In anaesthetised horses, mild hypercapnia leads indirectly to improved cardiovascular function through stimulation of the sympathetic nervous system with an increased systemic blood pressure and higher myocardial contractility (Wagner and others 1990, Khanna and others 1995, Taylor 1998). Therefore, it is not clear whether the higher MAP over time in the spontaneous breathing group compared with the mOLC group was a result of the absence of mechanical ventilation or the mild hypercapnia. However, when horses were mechanically ventilated with mild hypercapnia, they showed a similar cardiovascular function to that observed in horses in the spontaneous breathing group (Mizuno and others 1994, Khanna and others 1995). Additionally, Wagner and others (1990) detected that horses ventilated with mild hypercapnia showed a better cardiovascular function than horses ventilated with normocapnia. Nevertheless, horses in the IPPV group showed higher, but non-significant, mean MAP values over time compared with horses in the spontaneous breathing group; therefore, no influence of carbon dioxide could be detected in the present study.
Maintenance of general anaesthesia in horses using TIVA and breathing 35 per cent oxygen generally showed adequate arterial oxygen saturation above 90 per cent. Six of nine horses excluded from the present study due to hypoxaemia were breathing spontaneously and were positioned in dorsal recumbency. This suggests that the combination of dorsal recumbency and spontaneous breathing may increase the likelihood of hypoxaemia. A possible reason for this could be a changed ventilation-perfusion mismatch with an increased intrapulmonary shunt volume and an increased incidence of the development of atelectasis (Nyman and Hedenstierna 1989, Nyman and others 1990). Most general anaesthesia performed under field conditions involves horses that are spontaneously breathing air. If it is assumed that a mixture of 35 per cent oxygen in air in combination with dorsal recumbency is not suitable to provide a paO2 of more than 8 kPa over 90 minutes, then general anaesthesia under field conditions would probably cause hypoxaemia.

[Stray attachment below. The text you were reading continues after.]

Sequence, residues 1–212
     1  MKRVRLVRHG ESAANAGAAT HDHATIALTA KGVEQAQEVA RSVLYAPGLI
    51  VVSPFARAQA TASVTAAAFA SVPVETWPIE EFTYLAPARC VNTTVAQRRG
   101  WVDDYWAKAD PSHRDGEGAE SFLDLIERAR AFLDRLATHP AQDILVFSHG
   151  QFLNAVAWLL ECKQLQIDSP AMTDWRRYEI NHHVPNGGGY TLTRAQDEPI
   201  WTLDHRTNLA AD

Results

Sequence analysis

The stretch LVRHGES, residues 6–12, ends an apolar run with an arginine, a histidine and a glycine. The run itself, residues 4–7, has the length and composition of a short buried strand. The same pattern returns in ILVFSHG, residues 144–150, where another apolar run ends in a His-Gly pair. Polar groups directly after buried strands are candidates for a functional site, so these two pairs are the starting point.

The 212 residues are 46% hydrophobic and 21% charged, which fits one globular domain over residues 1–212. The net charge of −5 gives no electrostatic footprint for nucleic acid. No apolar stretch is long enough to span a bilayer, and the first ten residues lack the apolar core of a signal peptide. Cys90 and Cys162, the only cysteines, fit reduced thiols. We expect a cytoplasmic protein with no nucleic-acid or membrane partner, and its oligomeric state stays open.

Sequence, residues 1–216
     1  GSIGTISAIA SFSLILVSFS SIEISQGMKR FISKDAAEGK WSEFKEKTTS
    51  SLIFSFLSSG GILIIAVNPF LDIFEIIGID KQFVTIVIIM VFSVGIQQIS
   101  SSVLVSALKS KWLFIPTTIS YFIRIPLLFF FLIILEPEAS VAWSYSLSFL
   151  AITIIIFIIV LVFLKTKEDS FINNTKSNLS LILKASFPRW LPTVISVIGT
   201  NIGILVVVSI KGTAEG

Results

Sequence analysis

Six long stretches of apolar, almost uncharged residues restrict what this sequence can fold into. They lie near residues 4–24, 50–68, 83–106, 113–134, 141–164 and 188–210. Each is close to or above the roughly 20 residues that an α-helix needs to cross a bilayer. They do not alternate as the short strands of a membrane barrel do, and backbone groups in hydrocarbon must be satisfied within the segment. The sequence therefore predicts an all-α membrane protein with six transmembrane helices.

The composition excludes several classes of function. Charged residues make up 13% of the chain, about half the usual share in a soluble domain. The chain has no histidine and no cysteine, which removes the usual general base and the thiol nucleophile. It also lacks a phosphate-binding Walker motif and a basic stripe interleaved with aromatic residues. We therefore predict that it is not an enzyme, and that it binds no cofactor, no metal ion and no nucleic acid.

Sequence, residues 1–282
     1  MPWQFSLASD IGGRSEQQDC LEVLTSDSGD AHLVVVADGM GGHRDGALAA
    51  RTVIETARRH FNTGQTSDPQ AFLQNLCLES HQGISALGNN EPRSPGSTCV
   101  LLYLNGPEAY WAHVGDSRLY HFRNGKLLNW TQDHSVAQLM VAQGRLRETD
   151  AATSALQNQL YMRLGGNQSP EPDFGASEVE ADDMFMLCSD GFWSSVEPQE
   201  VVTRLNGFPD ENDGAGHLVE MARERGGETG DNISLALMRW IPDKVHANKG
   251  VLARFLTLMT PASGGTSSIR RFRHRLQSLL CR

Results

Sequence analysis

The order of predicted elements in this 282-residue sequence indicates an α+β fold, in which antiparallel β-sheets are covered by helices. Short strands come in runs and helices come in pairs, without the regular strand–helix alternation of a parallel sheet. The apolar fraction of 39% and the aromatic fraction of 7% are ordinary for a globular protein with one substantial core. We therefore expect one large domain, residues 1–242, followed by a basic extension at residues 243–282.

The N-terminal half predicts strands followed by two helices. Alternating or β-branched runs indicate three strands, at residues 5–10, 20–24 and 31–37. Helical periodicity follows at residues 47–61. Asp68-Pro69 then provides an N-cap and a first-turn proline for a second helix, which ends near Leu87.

To ensure an uncomplicated recovery period, surgery was completed within 90 minutes of anaesthesia or, in 30 of 42 horses, maintenance of anaesthesia was changed to inhalational anaesthesia. Given this limitation, the influence of different types of ventilation on the recovery period could not be evaluated. The need to change from TIVA to isoflurane after 90 minutes is another important limitation of TIVA and implies that surgeries with an assumed time of more than 90 minutes should be performed only in isoflurane-equipped facilities.
The results of the present study provide new information about mechanical ventilation during TIVA. Thus, ventilation of horses using a mOLC with inhalation of 35 per cent oxygen in air can be recommended during TIVA. Insufflation of oxygen can be applied even under field conditions and is likely to improve paO2.
Provenance not commissioned; externally peer reviewed